• High gear. SRAM has the highest gear ratio at 4.8 using a 48/35T front chainring and 10T rear cog, followed by Shimano (4.73) with a 52/36T front chainring and an 11T rear cog.
  • Low gear. SRAM has the lowest gear ratio at 0.92 using a 46/33T front chainring and 36T rear cog. The lowest gear ratio for Shimano is 1.00 with 50/34T front chainring and 34T rear cog.

The table below shows the possible gearing setup for Shimano Ultegra Di2 vs SRAM Force AXS.

Front chainringRear cogShimano gear ratioSRAM gear ratio
Shimano Ultegra Di2 vs SRAM Force AXS gear ratios comparison


ComparisonShimano Ultegra Di2SRAM Force AXS
Links116, 126114, 120
Outer plates finishGrayNickel
Inner plates finishChromeChrome
Pin designSolidSolid
Price (USD)$46$50
Shimano Ultegra Di2 vs SRAM Force AXS chain comparison

Shimano Ultegra and SRAM Force AXS chains are steel and have a solid pin design.

The Shimano Ultegra chains are available in 116 and 126 links. It’s the same chain as the Shimano XT mountain bike range.

The SRAM Force AXS chains are available in 114 and 120 links. They have a nickel outer and chrome inner plate finish. It uses a Flattop design which, according to SRAM, is quieter and more durable.

According to SRAM;

To gain a wider gear range with smaller gearing steps, the chain has to get narrower. With Flattop, we’ve added material on the flat side of the chain plates to strengthen every link. 

Flattop chains feature longer wearing large diameter rollers that help deliver the same drivetrain efficiency as our 11-speed drivetrains. All of these technologies together have enabled us to engineer a narrower 12-speed chain that lasts 36% longer than our 11-speed chains.

More reading : When to Replace A Bike Chain?


Shimano Ultegra Di2 vs SRAM Force AXS Cassettes
Shimano Ultegra Di2 vs SRAM Force AXS Cassettes
ComparisonShimano Ultegra Di2SRAM Force AXS
Sizes11-30T (291g)
11-34T (345g)
10-28T (222g)
10-30T (236g)
10-33T (266g)
10-36T (310g)
Shimano Ultegra Di2 vs SRAM Force AXS cassettes comparison

The Shimano Ultegra 12-speed cassette is available in two sizes; 11-30T and 11-34T. It uses the newer Hyperglide+ (HG+) technology, where the tooth profile matches the chain for faster shifting, both up and down the cassette, especially under load.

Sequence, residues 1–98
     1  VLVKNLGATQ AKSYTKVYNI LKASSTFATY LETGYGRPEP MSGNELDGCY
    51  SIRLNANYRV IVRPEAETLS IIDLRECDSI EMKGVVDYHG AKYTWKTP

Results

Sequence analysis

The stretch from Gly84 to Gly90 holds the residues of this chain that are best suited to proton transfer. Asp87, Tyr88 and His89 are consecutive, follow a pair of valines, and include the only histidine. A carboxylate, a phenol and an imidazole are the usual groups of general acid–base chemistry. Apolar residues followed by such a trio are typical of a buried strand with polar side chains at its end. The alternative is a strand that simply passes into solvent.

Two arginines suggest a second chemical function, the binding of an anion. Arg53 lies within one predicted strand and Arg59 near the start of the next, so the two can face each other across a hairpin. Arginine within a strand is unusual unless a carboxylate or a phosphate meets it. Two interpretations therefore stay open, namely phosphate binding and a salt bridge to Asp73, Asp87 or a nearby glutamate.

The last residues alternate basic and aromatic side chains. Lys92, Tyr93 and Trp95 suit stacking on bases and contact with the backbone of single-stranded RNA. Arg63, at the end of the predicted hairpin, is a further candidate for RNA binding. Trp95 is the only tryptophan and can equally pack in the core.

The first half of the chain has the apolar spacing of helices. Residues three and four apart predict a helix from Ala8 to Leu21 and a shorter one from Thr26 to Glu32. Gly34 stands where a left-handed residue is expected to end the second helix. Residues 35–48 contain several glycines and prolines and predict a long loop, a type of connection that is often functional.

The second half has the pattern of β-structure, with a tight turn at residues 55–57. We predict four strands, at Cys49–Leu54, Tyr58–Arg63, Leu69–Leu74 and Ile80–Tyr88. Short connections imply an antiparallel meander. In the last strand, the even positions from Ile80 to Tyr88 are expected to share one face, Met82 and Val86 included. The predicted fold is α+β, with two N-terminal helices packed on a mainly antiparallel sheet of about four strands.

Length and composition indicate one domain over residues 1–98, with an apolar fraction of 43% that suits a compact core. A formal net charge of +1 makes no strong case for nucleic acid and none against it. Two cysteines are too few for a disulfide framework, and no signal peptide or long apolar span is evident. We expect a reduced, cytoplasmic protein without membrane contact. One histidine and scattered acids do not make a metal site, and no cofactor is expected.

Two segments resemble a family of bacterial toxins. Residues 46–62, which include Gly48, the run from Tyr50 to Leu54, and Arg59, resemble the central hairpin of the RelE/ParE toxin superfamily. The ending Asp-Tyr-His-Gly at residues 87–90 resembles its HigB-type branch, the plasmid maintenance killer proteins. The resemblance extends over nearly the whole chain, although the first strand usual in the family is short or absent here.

SRAM Force AXS cassettes are available in four sizes; 10-28T, 10-30T, 10-33T, and 10-36T. This caters to both serious cyclists, racers and also everyday cyclists.

The cassette is a single piece; with four cogs CNC machined out of a single block of steel and eight individually pinned cogs. SRAM Force AXS cassettes before 2021 have a black finish compared to the current nickel-chrome finish.

More reading : Shimano 105 vs Ultegra vs Dura-Ace Cassettes

Brake rotors

Shimano Ultegra Di2 vs SRAM Force AXS Centerlock Rotors 160mm
Shimano Ultegra Di2 vs SRAM Force AXS Centerline Rotors
ComparisonShimano UltegraSRAM PacelineSRAM Centerline
Model no.RT-CL800RT-PLN-A1RT-CLX-R-A1
Mount typeCenterlockCenterlock, 6-boltCenterlock, 6-bolt
Weight (140mm)95g137g108g
Weight (160mm)113g157g135g
Price – 140mm (USD)$61$54$113
Price – 160mm (USD)$61$54$113
Shimano Ultegra Di2 vs SRAM Force AXS rotors comparison

Shimano Ultegra and SRAM Force rotors are available in 140mm and 160mm sizes.

SRAM offers two rotor choices;

  • Paceline. Cheaper but heavier.
  • Centerline. Lighter but 2x more expensive.

Both Paceline and Centerline rotors are available in either Centerlock or 6-bolt. Shimano rotors are only Centerlock.

Shimano used the same brake rotors from their mountain bike lineup, the RT-MT800, when launching the 12-speed Ultegra groupset in September 2021. In June 2022, Shimano introduced a new disc rotor, the RT-CL800, as part of the Ultegra R8100 series.

More reading : Centerlock vs 6-bolt Disc Brake Rotors

Brake pads

The Shimano Ultegra comes with Shimano’s latest, fifth-generation organic (resin) brake pads, L05A-RF. Older models such as L03A-RF (organic), L02A-RF (organic), or L04C-MF (metallic) are compatible with the disc brake calipers as they all have the same shape. 

The SRAM Force AXS comes with an organic brake pad with steel plating. There are other alternatives, such as organic compounds with aluminum plating or metallic compounds with steel plating.

More reading : Resin vs Metal Disc Brake Pads Comparison


Shimano introduced a new battery (BT-DN300) for the 12-speed wireless groupsets. There are three ports on the battery, with only two needed for a wireless setup. The third port will be used for a wired setup to connect the shifters via a junction box.

The weighs 52g and has a capacity of 500 mAh. It takes around 1.5 to 2 hours for a full charge and can last for around 2,500 to 3,000km per charge.

SRAM uses one battery each for the front and rear derailleurs. Each battery weighs 24g and can last up to 1,000km per charge for the rear battery, which sees more usage.

The advantage of SRAM is that the batteries are easily interchangeable should any battery run flat. It takes around 60 minutes for a full charge.

More reading : How to Check Shimano Di2 Battery Levels